Politicians must be prepared for consolidation in sensitive industries, from telecoms (where Draghi counts at least 34 operators against the US and China’s handful) to finance, rail transport and utilities. Caution is required here not to throw out the baby of Europe’s level playing field with the bathwater of fragmentation. Europe could no doubt have fewer telecoms operators, but each consumer in every country must have a genuine choice of supplier.

All this is politically demanding, and leaders last week shrank from the challenge. But a key message from Letta is the need to see two things as flip sides of the same coin: on the one hand, the deepening of the single market, and on the other, the strategic goals of Europe’s green and digital transformation and securing the bloc from dependence on geopolitical adversaries. Doubling down on economic integration is a prerequisite for achieving anything else.

That connection is too rarely made. Single market deepening risks death by boredom — a technical matter with little political reward. There is no popular clamour for it and plenty of special interests keen to preserve narrow advantages.

But the same was true of the original single market programme. It took all the political efforts of leaders as strong and as different as Jacques Delors and Margaret Thatcher to make it a reality. The leaders who listened to Letta last week must prove they can do the same.

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martin.sandbu@ft.com

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Idaho Democratic Caucus Results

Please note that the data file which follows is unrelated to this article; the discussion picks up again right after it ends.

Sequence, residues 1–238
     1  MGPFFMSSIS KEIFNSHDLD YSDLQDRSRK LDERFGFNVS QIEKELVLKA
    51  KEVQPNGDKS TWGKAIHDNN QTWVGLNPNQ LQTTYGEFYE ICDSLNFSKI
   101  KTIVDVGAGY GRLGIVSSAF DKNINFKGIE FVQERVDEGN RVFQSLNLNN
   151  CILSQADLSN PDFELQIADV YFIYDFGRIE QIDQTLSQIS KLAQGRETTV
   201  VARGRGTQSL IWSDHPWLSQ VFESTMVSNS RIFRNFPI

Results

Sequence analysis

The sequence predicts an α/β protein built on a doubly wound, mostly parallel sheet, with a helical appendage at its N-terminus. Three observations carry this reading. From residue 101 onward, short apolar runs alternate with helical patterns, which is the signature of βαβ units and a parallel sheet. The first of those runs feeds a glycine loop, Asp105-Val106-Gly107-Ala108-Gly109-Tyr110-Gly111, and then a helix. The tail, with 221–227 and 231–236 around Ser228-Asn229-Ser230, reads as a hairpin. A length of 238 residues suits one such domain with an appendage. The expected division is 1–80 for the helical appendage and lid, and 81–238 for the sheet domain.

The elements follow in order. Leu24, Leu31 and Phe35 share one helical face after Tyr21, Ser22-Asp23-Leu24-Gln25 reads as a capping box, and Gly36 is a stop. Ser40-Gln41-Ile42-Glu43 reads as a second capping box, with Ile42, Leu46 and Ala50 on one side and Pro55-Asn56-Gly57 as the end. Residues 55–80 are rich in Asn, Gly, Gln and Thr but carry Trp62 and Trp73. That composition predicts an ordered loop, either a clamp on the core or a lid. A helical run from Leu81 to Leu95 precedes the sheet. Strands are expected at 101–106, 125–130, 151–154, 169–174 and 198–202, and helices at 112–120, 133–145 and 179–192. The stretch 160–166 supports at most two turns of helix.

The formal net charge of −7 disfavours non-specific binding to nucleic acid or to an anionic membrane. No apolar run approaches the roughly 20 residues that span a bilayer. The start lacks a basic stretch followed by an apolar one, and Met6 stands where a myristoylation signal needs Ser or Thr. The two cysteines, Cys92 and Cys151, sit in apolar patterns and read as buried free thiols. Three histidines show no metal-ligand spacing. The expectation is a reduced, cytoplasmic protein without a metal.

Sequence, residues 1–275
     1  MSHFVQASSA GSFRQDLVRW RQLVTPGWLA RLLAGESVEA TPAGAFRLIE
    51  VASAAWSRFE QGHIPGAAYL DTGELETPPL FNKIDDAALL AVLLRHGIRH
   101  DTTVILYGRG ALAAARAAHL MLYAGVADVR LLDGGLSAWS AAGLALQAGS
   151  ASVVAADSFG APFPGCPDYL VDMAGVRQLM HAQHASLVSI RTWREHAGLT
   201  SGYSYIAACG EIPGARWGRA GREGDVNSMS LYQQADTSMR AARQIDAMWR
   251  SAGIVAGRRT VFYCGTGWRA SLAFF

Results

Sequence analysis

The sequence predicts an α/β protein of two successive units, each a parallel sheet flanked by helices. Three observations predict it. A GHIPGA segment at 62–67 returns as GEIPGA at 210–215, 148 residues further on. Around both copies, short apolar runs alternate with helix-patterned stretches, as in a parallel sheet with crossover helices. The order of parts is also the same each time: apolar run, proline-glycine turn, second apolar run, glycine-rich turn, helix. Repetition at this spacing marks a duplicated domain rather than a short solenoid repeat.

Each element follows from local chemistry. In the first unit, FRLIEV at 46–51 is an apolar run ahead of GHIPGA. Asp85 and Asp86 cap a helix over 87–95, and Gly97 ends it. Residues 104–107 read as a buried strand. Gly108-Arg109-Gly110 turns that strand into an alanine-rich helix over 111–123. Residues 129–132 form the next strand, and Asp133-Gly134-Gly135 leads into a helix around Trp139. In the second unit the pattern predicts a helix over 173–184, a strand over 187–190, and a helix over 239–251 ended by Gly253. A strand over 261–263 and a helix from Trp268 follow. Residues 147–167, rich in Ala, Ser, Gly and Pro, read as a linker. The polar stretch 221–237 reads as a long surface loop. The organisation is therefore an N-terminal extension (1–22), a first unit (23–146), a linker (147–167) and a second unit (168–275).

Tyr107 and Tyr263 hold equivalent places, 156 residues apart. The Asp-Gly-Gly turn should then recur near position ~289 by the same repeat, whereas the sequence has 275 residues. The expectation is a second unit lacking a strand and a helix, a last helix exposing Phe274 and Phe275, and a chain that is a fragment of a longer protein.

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Idaho Democratic Caucus Results
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Key moments ahead in the UK election campaign

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Key moments ahead in the UK election campaign

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Rishi Sunak’s decision to call a general election on July 4 has set in train a series of political and constitutional events unforeseen 48 hours ago.

With an election now six weeks away, these are the some of the key moments in Britain’s new political calendar.

What does the election mean for parliament?

The prime minister’s decision to hold a July 4 poll has led to a frenetic clearing of the legislative decks before parliament is officially “prorogued” — or suspended — on Friday.

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The surprise calling of a summer election has forced Sunak to hurriedly drop key bills including measures to crack down on smoking by young people and create a new football regulator for England.

Parliament will be officially dissolved on May 30, at which point all seats fall vacant. Some MPs resent the fact that they have had little time to say their farewells to colleagues.

After the election, parliament will meet on July 9, when the first business will be the election of the Speaker of the House of Commons and the swearing-in of new MPs. The State Opening will take place on July 17.

When will the manifestos appear?

Labour says its manifesto, or programme for government, is ready but it has yet to set a publication date. According to party insiders it will be “a reasonably slim document”. Sunak claims Sir Keir Starmer, leader of the main opposition party, has “no plan” for the country. 

The Labour manifesto has been pulled together by Rav Athwal, a former academic and Treasury official, but under tight political control from Pat McFadden, the party’s campaign co-ordinator, and campaign chief Morgan McSweeney.

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Party insiders say McFadden and McSweeney have “bomb-proofed” the manifesto to avoid it exploding in the course of a six-week campaign. Expect a focus on “stability” with promises to reform worker rights, planning and a pledge to invest in the green transition.